really really like this, these are abnormal vessels growing into the vitreous. So now they have proliferative diabetic retinopathy. This is a flourishing (inaudible), which is shining up those abnormal vessels here and also shining up some
microaneurysms here in the macula. So what happens is these proliferative
vessels grow into the vitreous and then they start to bleed, so they’ll bleed
under the vitreous or into the vitreous and patients will just go blind. And
I’m surprised, a lot of times patients will not come in when they have that, because the
other is fine and then over time they get membrane formation on top and the
retina gets full and then that’s how they go blind from this disease. So if I can
just interject, so I think it’s important on this picture to recognize that although
you’re looking at a two dimensional image and those new vessels look as if
they’re kind of pancake flat -they’re actually- it’s a three-dimensional event
so that those vessels are growing actually towards you. When you’re looking
in the eye they’re extending upwards from the surface of the retina almost
like a little palm tree, you know, of vessels. That’s why they’re so fragile. Absolutely,
and then they tend to bleed very quickly. We have a question. Yes? Yeah it’s on your screen. So their question is “We have an optometrist in town, is it okay for optometrists to do dilated diabetic eye screening or must I refer to
out-of-town ophthalmologists?” No I think, you know, as long as the optometrist
is dilating the patient, they should be able to do the screening for you and
again, the ophthalmologist or the retinal specialist usually get involved when
things start to go in the wrong direction with diabetic macular edema
and proliferaive diabetic retinopathy. That being said, you know going forward
hopefully we have some treatments that as soon as you have retinopathy you can stop or reverse it. Currently we are kind of putting a patch
on the wound. We don’t have anything, you know, for the eye to stop the disease
from getting worse other than giving them injections or lasers. But absolutely,
I think it’s an easy enough exam for an optometrist to dilate the patient and do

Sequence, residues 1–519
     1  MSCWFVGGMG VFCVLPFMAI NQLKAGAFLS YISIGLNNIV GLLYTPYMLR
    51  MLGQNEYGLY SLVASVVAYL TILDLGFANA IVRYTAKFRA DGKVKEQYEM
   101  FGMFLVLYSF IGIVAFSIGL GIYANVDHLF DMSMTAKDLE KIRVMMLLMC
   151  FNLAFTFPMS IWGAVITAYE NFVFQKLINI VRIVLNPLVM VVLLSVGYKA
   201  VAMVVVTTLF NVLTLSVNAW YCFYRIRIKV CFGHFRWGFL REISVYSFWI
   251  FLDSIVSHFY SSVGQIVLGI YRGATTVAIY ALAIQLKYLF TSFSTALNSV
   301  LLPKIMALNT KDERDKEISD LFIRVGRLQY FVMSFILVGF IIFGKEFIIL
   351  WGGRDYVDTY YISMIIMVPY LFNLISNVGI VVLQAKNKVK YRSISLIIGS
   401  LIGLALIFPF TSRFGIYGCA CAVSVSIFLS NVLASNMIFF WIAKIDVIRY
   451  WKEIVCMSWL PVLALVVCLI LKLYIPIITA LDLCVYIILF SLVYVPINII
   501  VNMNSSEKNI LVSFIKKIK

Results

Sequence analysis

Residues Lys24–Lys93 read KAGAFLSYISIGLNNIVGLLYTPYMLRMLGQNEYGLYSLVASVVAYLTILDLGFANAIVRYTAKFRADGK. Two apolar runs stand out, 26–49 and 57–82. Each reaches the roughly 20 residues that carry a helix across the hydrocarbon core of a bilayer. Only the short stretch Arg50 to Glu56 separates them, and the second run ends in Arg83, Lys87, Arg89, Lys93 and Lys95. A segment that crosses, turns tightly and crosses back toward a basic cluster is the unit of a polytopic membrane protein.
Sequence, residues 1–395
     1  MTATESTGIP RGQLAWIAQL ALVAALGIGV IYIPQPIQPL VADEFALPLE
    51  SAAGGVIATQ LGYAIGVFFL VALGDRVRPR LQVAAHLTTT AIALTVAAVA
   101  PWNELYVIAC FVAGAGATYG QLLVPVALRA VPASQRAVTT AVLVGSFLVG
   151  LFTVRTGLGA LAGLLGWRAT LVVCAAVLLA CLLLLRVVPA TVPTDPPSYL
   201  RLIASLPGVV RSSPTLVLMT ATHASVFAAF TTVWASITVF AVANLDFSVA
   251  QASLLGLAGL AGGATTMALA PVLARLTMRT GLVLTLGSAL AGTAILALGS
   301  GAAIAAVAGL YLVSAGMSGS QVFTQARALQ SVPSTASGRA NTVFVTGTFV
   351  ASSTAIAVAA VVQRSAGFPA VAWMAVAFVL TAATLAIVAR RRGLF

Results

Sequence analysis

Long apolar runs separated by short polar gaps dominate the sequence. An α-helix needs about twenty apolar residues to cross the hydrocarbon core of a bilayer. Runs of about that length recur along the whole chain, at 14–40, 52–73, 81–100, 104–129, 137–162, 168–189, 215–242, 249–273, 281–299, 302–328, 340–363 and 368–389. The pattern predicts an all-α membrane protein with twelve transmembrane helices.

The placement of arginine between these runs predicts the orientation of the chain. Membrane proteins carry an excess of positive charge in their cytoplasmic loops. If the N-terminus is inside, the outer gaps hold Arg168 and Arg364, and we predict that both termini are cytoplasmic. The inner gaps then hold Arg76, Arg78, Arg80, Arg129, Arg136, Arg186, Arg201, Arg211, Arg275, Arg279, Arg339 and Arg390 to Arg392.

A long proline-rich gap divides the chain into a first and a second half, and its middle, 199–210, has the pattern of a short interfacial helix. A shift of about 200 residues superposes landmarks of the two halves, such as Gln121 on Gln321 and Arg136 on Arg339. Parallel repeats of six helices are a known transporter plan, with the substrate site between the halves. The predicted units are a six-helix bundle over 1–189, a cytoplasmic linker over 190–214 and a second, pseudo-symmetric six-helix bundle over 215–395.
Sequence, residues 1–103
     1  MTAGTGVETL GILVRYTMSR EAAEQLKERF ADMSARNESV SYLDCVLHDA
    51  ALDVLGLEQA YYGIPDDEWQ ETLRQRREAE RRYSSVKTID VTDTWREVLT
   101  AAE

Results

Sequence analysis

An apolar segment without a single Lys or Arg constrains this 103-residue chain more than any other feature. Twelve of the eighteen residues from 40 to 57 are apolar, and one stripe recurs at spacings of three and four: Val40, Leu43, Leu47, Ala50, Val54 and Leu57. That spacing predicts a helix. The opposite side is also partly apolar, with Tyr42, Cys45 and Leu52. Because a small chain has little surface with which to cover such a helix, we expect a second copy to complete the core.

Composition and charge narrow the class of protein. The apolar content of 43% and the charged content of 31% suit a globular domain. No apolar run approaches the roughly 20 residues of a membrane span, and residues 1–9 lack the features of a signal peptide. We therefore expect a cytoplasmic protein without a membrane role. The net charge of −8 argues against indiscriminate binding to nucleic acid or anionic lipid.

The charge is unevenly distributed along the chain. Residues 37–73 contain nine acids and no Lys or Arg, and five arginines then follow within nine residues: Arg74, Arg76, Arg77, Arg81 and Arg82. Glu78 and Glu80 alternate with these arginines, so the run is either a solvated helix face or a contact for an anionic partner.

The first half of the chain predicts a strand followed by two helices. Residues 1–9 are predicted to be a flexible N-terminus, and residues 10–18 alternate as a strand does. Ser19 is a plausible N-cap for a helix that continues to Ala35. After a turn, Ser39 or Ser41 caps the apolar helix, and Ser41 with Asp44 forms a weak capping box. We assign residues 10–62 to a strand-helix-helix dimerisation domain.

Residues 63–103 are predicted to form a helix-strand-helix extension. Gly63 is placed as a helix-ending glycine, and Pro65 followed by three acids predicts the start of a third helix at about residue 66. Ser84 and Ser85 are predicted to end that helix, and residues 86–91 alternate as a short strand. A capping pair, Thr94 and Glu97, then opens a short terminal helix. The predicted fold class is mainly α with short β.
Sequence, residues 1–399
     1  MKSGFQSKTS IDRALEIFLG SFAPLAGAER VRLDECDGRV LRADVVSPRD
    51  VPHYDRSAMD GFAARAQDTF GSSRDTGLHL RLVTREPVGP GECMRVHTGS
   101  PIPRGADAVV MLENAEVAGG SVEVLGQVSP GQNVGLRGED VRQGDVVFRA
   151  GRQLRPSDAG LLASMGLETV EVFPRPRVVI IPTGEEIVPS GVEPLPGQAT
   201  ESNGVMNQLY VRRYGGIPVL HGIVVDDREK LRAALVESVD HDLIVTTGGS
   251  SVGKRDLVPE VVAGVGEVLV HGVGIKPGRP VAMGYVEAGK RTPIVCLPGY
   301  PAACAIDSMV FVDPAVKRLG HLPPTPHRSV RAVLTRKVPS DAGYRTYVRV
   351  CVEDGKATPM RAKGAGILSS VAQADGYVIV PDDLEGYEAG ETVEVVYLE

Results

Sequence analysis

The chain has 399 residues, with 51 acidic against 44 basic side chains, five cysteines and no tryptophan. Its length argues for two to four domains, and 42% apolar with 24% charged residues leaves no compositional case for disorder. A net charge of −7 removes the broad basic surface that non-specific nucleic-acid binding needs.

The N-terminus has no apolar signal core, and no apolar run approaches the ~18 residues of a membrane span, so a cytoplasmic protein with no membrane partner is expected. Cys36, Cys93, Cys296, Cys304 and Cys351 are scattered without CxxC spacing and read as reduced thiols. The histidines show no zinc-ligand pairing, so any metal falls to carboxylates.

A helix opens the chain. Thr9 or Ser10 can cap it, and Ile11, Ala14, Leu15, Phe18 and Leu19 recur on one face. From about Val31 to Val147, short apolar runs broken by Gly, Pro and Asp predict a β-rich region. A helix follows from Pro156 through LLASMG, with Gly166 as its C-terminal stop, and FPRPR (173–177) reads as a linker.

it. Just make sure the patient gets dilated. A lot of these patients will go to optometrists, will just say “Oh yeah I got my glasses”, and they don’t get dilated. So a dilated eye exam is crucial. With fundus
photography? Photography is actually not necessary, exam would be the key. So if
you don’t, you know, a lot of these people are doing remotes,
I know Renown is doing some remote photos. I think that’s great if you don’t have a
practitioner in town. A lot of these patients will go in and get photos and
get an exam, and the question is what’s the point? Some of it becomes a business
matter for other things but I usually don’t do any photos on my
patients unless, you know, I’m doing fluorescein angiogram or something. You can usually rate the retinopathy based on your exams. But if you don’t
have a practitioner and you have some remote facility to do photo, absolutely.
Main thing is that they get their exam done you know it doesn’t matter how,
somebody needs to look at their fungus. So a proliferative diabetic retinopathy, this is somebody with what’s called a pre-retinal hemorrhage. The way you seeit’s a pre-retinal
hemorrhage, you can’t see the underlining vessels. So in younger patients with
diabetes, this happens quite a bit because their vitreous is stuck very
tightly to the retina so these blood vessels will just bleed and the blood
will get stuck between the vitreous and the retina. And what happens is this causes fibrosis and then starts pulling it. So if this was right here, the
patient would be completely blind. They will come in and say “Hey I can’t see anything, I
have a big black spot”, and most of that becomes surgical because since their
vitreous is so tightly adhered to the retina the blood cannot get into the
vitreous and then you have to go surgically and you have to remove the
blood and clean it out. And these are some exudates so this is diabetic
macular edema, there’s some microaneurysms here and
this is all the protein leaking. So this person, you know, obviously needs
to be treated ASAP. And what I’ve seen is the younger the patient, the better the
response to treatment, whether it’s laser or inter (inaudible) injections, they’re very
ischemic, so if you try to cut the ischemia down I think they do
very well. So again sooner the better to treat this patient. This is how
patients go blind, and we have a cool surgical video at the end, but basically
they get these fibrous bands from bleeding and you can see this is a
fibrous band. And what happens is it sits on top of the macula and pulls
everything, then they get what’s called tractional retinal detachment, and what